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Music artists Aminé and Trevor Daniel starred in Harvard’s first-ever virtual Yardfest on Friday, the latest College tradition shifted online due to the coronavirus pandemic.
“Make some motherfucking noise for yourselves,” Aminé told a virtual audience of Harvard undergraduates during the latest iteration of the College’s annual spring music festival.
Friday’s concert, live-streamed on Vimeo, marked the first Yardfest since 2019. Last year, Harvard canceled the event — which is hosted annually by the College Events Board and usually takes place in Harvard Yard — due to Covid-19.
Rapper Aminé, the concert’s headliner, performed several of his songs — including “Riri,” “Shimmy,” and “Woodlawn” — from an undisclosed studio.
In between songs, Aminé narrated what his concerts would look like before the coronavirus pandemic shut down large events indefinitely.
“This is the part of the show where I tell you guys, ‘You’re beautiful,’ and then you say, ‘I know,’” he said. “There’s hella adrenaline in the room — I might even jump in the crowd, say what’s up to you, FaceTime your mom, something like that.”
“But right now we can’t, so I hope you’re doing well in your dorm room or your apartment,” he told students watching.
Daniel, a singer and songwriter, performed songs backed by a drummer and guitarist including “Past Life” and “Falling” — which peaked at number 17 on the Billboard Hot 100 chart in 2020 — from his debut album “Nicotine.”
“We’re here to rock out,” Daniel said as his set began. “We’re your professors today.”
The virtual concert opened with recorded performances from two student acts, the Yard Bops and King Sayg, who won the “Battle for Yardfest” competition last month.
Yard Bops, a group of student musicians, kicked off the show with a mashup of Bruno Mars songs “Locked Out of Heaven,” “Runaway Baby,” and “Treasure.” Rapper King Sayg — Mario O. “Rio” Haskett Jr. ’21 — took the virtual stage next to perform his set.
Manny A. Yepes ’24, a Crimson Blog editor, said the student performances were his favorite part of the event.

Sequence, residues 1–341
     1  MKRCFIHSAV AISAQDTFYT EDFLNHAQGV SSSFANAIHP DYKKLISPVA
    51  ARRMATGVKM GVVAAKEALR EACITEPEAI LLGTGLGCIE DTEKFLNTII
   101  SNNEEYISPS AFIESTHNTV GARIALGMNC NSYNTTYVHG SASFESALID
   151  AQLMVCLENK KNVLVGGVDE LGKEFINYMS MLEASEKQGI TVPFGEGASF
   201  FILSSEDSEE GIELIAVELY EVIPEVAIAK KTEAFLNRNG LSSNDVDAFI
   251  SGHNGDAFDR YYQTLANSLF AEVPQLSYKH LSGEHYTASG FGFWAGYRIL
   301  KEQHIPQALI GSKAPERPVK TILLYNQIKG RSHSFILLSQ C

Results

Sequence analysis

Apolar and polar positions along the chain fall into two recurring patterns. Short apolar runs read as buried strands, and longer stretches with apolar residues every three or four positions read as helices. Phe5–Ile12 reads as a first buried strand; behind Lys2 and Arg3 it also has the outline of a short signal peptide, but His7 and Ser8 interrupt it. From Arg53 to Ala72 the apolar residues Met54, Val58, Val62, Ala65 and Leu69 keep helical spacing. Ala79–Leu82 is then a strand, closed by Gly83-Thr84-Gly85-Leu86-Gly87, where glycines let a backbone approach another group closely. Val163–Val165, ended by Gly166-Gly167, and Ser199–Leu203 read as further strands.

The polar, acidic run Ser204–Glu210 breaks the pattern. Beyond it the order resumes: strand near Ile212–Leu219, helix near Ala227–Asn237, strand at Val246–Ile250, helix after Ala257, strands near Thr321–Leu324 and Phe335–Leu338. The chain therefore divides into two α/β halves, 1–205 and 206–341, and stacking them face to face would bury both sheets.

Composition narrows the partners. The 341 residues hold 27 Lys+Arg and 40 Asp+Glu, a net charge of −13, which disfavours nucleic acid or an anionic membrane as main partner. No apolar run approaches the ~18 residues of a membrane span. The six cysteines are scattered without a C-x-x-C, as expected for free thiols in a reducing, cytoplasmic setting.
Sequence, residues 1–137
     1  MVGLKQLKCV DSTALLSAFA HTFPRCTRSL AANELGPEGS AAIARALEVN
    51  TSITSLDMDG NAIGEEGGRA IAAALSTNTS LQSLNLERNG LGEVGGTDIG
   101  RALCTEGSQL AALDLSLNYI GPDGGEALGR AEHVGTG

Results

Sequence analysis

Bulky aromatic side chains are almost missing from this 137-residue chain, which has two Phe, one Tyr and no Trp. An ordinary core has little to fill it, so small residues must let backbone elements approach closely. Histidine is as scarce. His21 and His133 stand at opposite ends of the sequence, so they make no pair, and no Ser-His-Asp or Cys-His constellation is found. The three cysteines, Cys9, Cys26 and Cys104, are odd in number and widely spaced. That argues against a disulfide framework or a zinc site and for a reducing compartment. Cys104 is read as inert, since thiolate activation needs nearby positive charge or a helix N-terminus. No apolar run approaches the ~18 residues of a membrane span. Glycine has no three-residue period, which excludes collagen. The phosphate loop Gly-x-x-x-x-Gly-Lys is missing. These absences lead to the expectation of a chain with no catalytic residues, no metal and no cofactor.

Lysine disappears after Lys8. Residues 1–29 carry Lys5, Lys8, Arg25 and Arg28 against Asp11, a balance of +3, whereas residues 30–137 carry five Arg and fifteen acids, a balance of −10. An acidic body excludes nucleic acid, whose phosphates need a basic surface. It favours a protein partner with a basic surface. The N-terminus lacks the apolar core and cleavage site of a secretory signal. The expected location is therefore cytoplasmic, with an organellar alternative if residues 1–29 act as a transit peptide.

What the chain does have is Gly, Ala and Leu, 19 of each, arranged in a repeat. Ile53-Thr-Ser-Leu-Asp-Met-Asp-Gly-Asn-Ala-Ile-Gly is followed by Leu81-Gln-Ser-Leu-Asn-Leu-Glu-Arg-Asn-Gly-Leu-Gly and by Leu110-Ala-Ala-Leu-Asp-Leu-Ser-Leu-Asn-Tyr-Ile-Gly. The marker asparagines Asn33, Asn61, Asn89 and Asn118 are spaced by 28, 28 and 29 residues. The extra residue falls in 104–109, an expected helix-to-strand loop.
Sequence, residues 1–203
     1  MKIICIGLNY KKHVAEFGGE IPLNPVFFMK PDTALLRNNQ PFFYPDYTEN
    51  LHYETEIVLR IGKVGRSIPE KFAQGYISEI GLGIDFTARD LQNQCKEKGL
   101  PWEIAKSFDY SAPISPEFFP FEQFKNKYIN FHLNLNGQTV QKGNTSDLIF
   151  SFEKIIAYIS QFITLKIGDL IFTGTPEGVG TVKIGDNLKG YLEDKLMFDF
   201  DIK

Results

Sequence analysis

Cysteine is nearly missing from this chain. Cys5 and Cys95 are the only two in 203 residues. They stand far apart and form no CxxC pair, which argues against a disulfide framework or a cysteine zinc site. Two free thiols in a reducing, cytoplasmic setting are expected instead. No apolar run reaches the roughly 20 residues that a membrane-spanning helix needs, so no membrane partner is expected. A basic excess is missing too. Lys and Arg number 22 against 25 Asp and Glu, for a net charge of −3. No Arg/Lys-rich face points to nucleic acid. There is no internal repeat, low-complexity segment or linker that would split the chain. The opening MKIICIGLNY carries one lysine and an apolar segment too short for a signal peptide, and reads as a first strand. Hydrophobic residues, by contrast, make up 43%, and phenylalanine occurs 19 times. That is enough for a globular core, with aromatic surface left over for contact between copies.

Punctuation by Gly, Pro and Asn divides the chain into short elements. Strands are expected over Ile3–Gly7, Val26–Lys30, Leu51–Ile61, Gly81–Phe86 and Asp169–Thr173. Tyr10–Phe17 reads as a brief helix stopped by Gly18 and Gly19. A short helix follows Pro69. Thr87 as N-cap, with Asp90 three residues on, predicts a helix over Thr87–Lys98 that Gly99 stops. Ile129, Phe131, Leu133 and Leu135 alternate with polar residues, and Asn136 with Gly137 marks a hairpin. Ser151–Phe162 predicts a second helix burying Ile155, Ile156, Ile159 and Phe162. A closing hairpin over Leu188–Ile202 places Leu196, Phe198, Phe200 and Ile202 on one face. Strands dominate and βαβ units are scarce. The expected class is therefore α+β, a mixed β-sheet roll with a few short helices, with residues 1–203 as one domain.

Logan C. Kelly ’24 wrote in a message that though Yardfest was a “fun distraction,” the online format was less engaging than an in-person show. He added that many of his friends were unaware Yardfest was even taking place this year.
“It was great to see Harvard students having fun and jamming out on screen, and it was cool to have Aminé perform for us, but we spent more time talking about the concert than watching,” Kelly wrote.
Nicholas E. Kelly ’23, director for the College Events Board’s arts and entertainment committee, wrote in an email that the organization began planning for this year’s Yardfest a year ago.
“We started planning Yardfest back around April of 2020, and have been using the past year to diligently work on the show,” he wrote. “It seems that the show was received well across the student body.”
Under the circumstances, Yepes said he enjoyed the virtual event.
“It was the best they could have done with what they had,” he said. “I was alone at the time because I’m home right now, but if I was with friends, it definitely would have been more fun.”
CORRECTION: May 6, 2021
A previous version of this article misspelled the stage name of Mario O. “Rio” Haskett Jr. ’21. It is King Sayg, not Sage.
—Staff writer Alex M. Koller can be reached at email@example.com. Follow him on Twitter @alexmkoller.
—Staff writer Taylor C. Peterman can be reached at firstname.lastname@example.org. Follow her on Twitter @taylorcpeterman.
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